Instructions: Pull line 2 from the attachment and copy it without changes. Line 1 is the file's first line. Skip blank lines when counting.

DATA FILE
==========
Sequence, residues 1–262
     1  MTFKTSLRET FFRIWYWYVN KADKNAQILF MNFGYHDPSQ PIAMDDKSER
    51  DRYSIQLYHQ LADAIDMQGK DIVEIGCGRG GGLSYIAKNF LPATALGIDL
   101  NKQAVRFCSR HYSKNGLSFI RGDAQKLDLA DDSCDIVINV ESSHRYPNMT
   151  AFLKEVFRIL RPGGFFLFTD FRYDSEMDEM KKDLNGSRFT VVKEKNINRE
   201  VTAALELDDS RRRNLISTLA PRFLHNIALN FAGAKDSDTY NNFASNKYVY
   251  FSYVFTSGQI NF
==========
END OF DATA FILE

     1  MTFKTSLRET FFRIWYWYVN KADKNAQILF MNFGYHDPSQ PIAMDDKSER